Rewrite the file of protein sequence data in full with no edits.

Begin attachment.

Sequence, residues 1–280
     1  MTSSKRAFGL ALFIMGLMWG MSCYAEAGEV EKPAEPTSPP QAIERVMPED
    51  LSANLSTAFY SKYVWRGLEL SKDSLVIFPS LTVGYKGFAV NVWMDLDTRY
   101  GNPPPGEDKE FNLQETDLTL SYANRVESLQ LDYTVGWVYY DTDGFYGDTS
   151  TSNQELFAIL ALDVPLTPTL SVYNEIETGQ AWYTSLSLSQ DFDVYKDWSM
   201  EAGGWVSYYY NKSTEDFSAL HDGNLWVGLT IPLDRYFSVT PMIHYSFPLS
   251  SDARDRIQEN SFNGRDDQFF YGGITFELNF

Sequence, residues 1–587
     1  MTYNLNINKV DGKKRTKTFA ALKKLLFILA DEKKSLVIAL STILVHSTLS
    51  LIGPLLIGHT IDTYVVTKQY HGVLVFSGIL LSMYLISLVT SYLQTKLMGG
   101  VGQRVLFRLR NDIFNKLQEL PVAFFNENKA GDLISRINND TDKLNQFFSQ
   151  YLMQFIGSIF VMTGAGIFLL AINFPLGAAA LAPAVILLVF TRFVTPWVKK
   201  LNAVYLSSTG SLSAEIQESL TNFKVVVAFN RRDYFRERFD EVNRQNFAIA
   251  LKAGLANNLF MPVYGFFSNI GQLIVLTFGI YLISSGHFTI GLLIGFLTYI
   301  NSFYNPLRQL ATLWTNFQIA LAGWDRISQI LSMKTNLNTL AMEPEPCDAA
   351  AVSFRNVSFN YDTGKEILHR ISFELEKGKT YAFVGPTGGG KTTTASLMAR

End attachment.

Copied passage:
Sequence, residues 1–280
     1  MTSSKRAFGL ALFIMGLMWG MSCYAEAGEV EKPAEPTSPP QAIERVMPED
    51  LSANLSTAFY SKYVWRGLEL SKDSLVIFPS LTVGYKGFAV NVWMDLDTRY
   101  GNPPPGEDKE FNLQETDLTL SYANRVESLQ LDYTVGWVYY DTDGFYGDTS
   151  TSNQELFAIL ALDVPLTPTL SVYNEIETGQ AWYTSLSLSQ DFDVYKDWSM
   201  EAGGWVSYYY NKSTEDFSAL HDGNLWVGLT IPLDRYFSVT PMIHYSFPLS
   251  SDARDRIQEN SFNGRDDQFF YGGITFELNF

Sequence, residues 1–587
     1  MTYNLNINKV DGKKRTKTFA ALKKLLFILA DEKKSLVIAL STILVHSTLS
    51  LIGPLLIGHT IDTYVVTKQY HGVLVFSGIL LSMYLISLVT SYLQTKLMGG
   101  VGQRVLFRLR NDIFNKLQEL PVAFFNENKA GDLISRINND TDKLNQFFSQ
   151  YLMQFIGSIF VMTGAGIFLL AINFPLGAAA LAPAVILLVF TRFVTPWVKK
   201  LNAVYLSSTG SLSAEIQESL TNFKVVVAFN RRDYFRERFD EVNRQNFAIA
   251  LKAGLANNLF MPVYGFFSNI GQLIVLTFGI YLISSGHFTI GLLIGFLTYI
   301  NSFYNPLRQL ATLWTNFQIA LAGWDRISQI LSMKTNLNTL AMEPEPCDAA
   351  AVSFRNVSFN YDTGKEILHR ISFELEKGKT YAFVGPTGGG KTTTASLMAR